Vue 3 Getting Started

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Vuex is a state-management system following the Flux pattern. It lets us create a global store and a unidirectional data flow across our Vue 3 app. While Vue 3’s reactivity library makes it easier to create our own data store solutions, Vuex is still a great tool since it comes with built-in DevTools, documentation, and a community to help troubleshoot.

In this article, we’ll learn how to…. Add Vuex to our Vue 3 project. Create a basic store . Look at how to use Vuex in the Composition API.

  • Let’s jump right in. Vuex is a great solution when your app requires complex shared data between components.
  • Great - now we’re all set up to build our store.
  • The first thing we want to do is give our Vuex store a state.
  • And Vuex uses a single state tree - meaning that a single object serves as our app's source of truth.
  • Then, inside any component of our app, we can access our state through our Vuex store.

Once we have access to our store, we can access our state, but in order to maintain reactivity, we want to use a computed property to do this.

How to create a Vue 3 app

Fantastic - if we look at our page now, we’ll see our component properly pulling in our value through Vuex.

So we have to create a computed property for each piece of state that we want to use in our component.

This can get tedious but luckily, Vuex gives us a mapState helper that can save us some time. We can give it either a string array with the state properties we want or an object where we perform some custom mappings.

We can follow these same steps (access our store, create a computed property) to access our Vuex state using Vue 3’s Composition API. In the Composition API, we can use useStore from Vuex to do this.

One thing to note is that using the different Vuex mappers gets a little tricky when we’re working with the Composition API (which I prefer to). Here’s a great package that helps out with this.

We can install it with npm install [email protected] (next for Vue 3) and then map our state using the useState helper. This takes an array of property names that we want from our Vuex state and returns and object with all of these values as reactive computed properties.

Breaking it down

Alright, so we have access to our state from our component, but what if we wanted to change that?

  • In Vuex, mutations are the only way to make changes to our state.
  • Think of these like events where we register a function handler with a string.
  • Importantly, a mutation must be synchronous!!!

Because when we use DevTools, we want to track a before and after screenshot of our data. This is impossible if our mutation is happening asynchronously. A Vuex mutation can take 2 arguments:. The current Vuex state. An optional payload that we can use to pass data to our mutation.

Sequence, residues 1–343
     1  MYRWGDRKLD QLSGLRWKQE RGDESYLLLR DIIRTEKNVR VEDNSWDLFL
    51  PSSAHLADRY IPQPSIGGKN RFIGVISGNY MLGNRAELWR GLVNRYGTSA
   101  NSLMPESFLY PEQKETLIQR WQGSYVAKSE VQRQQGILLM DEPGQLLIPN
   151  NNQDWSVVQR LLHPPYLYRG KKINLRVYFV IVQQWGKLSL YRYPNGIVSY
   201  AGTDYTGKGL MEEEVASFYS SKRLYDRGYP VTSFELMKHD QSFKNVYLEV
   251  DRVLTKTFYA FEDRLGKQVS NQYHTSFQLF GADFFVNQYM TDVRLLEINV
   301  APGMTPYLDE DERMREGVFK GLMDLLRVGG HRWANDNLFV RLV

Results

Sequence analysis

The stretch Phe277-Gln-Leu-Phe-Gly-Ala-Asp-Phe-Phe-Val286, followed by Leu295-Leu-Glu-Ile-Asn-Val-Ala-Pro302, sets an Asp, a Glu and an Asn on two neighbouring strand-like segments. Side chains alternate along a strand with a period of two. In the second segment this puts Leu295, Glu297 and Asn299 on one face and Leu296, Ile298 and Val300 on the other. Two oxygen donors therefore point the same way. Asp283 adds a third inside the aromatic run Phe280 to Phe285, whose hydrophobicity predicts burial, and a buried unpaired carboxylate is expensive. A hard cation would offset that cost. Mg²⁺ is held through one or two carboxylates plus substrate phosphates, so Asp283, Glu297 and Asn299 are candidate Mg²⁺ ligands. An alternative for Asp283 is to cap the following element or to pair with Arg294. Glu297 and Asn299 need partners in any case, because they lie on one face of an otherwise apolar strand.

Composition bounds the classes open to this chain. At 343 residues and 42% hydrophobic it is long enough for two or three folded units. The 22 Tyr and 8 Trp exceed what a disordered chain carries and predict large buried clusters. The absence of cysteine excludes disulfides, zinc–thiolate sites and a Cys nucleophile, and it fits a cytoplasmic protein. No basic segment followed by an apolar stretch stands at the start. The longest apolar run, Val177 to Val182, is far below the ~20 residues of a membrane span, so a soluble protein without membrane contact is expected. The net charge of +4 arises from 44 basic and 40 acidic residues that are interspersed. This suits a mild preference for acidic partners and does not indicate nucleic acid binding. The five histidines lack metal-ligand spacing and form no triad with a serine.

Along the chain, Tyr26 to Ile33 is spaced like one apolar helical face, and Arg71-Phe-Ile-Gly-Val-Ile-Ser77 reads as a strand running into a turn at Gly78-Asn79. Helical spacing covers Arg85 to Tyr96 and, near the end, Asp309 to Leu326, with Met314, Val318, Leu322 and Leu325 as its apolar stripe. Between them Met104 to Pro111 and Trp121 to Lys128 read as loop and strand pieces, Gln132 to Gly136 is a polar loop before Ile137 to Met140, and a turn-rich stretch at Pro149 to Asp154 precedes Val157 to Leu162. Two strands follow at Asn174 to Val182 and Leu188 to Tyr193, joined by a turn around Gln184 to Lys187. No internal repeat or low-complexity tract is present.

Wrapping Up

Then, we can trigger this mutation handler from anywhere in our app to update our state. We cannot call the mutations directly. There are two ways to trigger mutations, we can either use a two argument (string, payload) format or a single argument where we define the type of mutation in the object-style commit.

Here’s what committing mutations looks like calling `store.commit`. So whenever our button is clicked, we want to trigger INCREMENT_COUNT and increase the value of state by our payload.

To trigger Vuex mutations, we want to call store.commit, but a great practice is to map your mutations to component methods using mapMutations that work similar to mapState that we saw with state.

But we can also use our Vuex Composition Helpers library here too. An important note is that similar to useState, useMutations accepts an array of key Strings and returns an object containing all of the functions that we specified.

We can use object destructuring with the exact name of our mutation to access the mutations from our store. Vuex actions are similar to mutations except they don't directly mutate the state, instead they commit mutations.

These are necessary because mutations must be synchronous. However, in actions, we can perform asynchronous operations (like API calls) and then mutate the state afterwards using mutations. An action takes two properties:. Context - which contains the details of our store. Payload - where we can pass data.

How to learn Vue 3

Vuex actions can be triggered using store.dispatch("actionName", payload). If we take a look at Vue dev tools, we get a good idea of the difference between actions and mutations. As we can see, actions log both their start and end times, while mutations are logged as singular events.

This is because although actions may be overlapping (due to API response times, etc), mutations are synchronous so we’re guaranteed to know the exact state before and after a mutation.

So, if we were to mimic an asynchronous method with a setTimeout, our app will still work as intended will only one mutation happening at a time.